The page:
I was cleaning our kitchen the other day. I wiped down the countertops, scrubbed the sink and got the stovetop so clean it sparkled. Heck, I even knocked down the cobwebs in the corner of the ceiling. I have laser focus but I tend to be a little oblivious, sometimes failing to notice obvious things. Anyway, I was putting the dried goods in neat little jars and arranging them happily on our quaint wooden shelves with some jazz music playing softly when I heard a voice down the hallway.
I didn’t think much of it at the time and resumed my amiable arranging. Somehow, by the grace of God, my friend Malcolm walked in. “Lee, the upper half of your kitchen looks fantastically polished; it’s a thing of beauty. But I fear you may have overlooked something.” My gloating smile began to droop in suspicion. What did Malcolm mean? Overlooked something? I stared at him and waited for him to clarify. He continued in disbelief, “Really? You didn’t notice that?” He pointed to the far corner of the kitchen.
I looked down. Oh… I hadn’t noticed I was ankle-deep in sewage. There, on the floor was the sewer line- a rickety old clay pipe. Must’a sprung a leak. It was not only spewing a steady stream of murky fecal water but there were occasional sprays of liquid into in the air as if the pipe was a vein pumping blood from the heart. With each beat the pipe pulsed more sewage into the room. It was rising at a steady rate. “Huh, how silly of me to not notice. I’m practically swimming in this,” I said.
Our lives are changing rapidly. Suddenly, the world has arrived at our fingertips. Masters of design are partnering with bottom-line marketers to bring us an endless supply of discontent. They drop blankets across all media to make sure we don’t have to go without our sweet, tasty discontent. They slip it under our door while we are sleeping. They leak it into the air. Before we know it, we’ve let them build pipes of cultural filth to flow all around us. And it’s hard to keep it out. It comes to our gates. We can stuff it into our ears and inject it into our eyes pleasantly, effortlessly. And it happens instantly, seamlessly. We are told it will make us more productive and more efficient; it will save us time. It will save us. And we buy it. The savior has come.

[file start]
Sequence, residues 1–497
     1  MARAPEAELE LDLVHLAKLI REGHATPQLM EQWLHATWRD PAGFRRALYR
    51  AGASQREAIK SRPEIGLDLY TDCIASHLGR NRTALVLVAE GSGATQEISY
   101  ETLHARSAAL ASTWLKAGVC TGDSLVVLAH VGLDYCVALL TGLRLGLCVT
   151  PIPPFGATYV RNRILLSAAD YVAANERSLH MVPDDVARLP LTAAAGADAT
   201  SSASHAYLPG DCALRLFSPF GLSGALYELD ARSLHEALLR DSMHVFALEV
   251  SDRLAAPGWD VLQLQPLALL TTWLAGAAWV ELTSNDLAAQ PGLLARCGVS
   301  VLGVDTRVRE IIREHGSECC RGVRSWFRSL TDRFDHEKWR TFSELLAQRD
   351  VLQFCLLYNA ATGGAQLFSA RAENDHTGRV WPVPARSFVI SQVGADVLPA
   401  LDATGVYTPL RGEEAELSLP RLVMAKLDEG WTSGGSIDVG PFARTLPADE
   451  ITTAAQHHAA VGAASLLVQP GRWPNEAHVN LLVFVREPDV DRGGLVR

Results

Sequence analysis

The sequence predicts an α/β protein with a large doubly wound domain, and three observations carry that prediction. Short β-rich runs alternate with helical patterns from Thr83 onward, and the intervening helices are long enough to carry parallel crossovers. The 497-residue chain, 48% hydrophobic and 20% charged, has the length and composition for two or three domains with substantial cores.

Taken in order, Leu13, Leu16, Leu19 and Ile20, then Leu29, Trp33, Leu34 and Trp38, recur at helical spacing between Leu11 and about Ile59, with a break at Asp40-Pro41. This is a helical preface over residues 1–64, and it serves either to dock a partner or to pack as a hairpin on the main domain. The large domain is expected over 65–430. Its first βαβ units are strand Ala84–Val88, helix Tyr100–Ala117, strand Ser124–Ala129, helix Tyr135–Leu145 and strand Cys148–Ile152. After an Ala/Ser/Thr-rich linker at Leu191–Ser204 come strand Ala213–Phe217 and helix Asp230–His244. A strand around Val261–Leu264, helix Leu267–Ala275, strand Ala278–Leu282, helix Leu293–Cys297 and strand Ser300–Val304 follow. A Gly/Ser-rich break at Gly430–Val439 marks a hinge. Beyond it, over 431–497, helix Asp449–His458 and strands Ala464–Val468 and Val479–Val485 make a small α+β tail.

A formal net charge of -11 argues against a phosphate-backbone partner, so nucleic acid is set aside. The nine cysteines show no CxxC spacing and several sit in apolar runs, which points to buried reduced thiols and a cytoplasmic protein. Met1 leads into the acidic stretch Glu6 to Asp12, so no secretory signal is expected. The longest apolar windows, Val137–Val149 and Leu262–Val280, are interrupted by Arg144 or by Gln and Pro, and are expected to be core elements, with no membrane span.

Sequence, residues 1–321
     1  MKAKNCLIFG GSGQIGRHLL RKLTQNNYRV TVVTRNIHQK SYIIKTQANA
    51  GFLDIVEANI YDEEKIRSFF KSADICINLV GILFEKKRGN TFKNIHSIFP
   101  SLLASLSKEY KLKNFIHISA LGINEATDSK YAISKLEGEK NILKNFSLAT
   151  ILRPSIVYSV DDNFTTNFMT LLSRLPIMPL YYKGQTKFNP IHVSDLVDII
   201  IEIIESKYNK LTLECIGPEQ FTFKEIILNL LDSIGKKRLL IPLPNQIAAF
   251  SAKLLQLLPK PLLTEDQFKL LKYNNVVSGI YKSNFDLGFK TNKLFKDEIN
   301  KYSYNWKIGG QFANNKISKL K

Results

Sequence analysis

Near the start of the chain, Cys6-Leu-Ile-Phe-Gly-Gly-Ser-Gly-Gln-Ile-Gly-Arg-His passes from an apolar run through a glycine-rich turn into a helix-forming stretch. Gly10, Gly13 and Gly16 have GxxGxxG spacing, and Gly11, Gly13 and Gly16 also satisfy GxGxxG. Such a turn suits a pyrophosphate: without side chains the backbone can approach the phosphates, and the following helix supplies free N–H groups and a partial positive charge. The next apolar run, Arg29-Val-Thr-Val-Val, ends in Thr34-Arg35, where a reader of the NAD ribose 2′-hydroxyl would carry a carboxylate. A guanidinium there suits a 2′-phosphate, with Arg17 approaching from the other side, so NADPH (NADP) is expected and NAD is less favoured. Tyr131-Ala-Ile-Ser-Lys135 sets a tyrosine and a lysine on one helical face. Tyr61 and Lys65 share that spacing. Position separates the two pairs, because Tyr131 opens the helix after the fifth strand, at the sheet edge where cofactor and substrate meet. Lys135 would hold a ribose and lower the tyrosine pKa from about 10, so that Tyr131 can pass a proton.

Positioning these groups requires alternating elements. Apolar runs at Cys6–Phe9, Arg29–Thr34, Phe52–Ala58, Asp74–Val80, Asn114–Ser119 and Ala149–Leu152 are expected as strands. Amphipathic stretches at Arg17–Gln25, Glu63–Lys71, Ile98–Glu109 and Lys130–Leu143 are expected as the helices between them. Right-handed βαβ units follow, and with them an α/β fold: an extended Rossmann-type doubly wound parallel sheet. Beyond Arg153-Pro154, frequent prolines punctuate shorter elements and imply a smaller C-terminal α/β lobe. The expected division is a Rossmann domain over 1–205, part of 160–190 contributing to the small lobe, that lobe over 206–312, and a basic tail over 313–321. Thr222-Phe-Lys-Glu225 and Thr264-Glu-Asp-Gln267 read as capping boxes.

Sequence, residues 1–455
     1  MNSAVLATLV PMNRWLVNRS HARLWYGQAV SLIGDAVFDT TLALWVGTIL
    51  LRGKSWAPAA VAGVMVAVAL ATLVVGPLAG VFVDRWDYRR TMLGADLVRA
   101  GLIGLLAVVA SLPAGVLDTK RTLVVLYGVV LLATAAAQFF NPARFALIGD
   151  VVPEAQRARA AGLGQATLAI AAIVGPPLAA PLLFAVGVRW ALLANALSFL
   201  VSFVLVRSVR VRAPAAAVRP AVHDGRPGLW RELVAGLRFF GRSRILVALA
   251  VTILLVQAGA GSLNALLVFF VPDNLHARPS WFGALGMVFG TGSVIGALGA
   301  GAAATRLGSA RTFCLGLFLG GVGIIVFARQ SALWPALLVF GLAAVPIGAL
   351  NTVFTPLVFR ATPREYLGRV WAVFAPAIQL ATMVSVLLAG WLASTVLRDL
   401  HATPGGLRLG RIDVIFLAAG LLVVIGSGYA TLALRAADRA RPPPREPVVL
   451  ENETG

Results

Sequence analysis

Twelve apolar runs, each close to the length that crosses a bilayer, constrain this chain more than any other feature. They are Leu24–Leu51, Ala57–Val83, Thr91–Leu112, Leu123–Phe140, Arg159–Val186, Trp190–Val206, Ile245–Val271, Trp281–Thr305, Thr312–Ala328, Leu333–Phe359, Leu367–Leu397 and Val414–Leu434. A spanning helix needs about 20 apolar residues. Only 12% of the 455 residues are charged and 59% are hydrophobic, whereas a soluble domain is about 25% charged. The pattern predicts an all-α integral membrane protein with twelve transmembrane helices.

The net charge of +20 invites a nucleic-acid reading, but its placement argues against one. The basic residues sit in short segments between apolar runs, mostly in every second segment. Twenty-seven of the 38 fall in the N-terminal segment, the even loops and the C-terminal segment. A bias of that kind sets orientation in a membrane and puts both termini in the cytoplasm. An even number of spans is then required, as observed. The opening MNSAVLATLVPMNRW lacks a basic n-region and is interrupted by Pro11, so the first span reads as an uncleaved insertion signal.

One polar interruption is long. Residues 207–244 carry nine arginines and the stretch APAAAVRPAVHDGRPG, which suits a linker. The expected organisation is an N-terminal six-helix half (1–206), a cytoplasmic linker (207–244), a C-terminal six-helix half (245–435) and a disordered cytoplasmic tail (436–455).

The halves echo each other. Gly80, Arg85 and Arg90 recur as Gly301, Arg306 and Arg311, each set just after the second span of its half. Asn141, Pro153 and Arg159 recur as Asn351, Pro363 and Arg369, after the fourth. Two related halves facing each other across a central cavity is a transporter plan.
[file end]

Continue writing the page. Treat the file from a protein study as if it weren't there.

This so-called savior too easily sweeps into our lives unsuspectingly and brings cultural crap straight into the veins of our identity. Sure, we can clean like never before but it is covering our kitchen floors with filth. Cultural turds are floating all around us, contaminating us. But it happily entertains us as we go about our days. We seem to not mind walking in poop. Or maybe we’re so distracted we don’t notice.
But for some there is a general resistance to this promised savior and its prophets. Perhaps we know it is as dangerous as an alcoholic trying to get sober with a flask of whiskey tucked away in their jacket- always whispering telepathically that one touch wouldn’t hurt- because whatever our downfall may be (social media, games, email, productivity, porn) our personalized temptation never leaves our side. Our downfall rides with us in our pocket wherever we go; it is our constant companion: always there, waiting, yearning sensually for our touch. It is there when no one else is; it is there in our time of need. We enter further into a progressively exclusive relationship with it until we- our thoughts, words and actions- all smell of the turds upon which we tread. Our spiritual, mental and emotional lives become disgusting, causing problems for our relationships with ourselves, with others, and with God. Instead, we need to widen our attention. Take a look around, down. We, amid communities, need to remind ourselves of the turds we’re stepping in. We need to call each other out of it. And most of all, we need a different savior.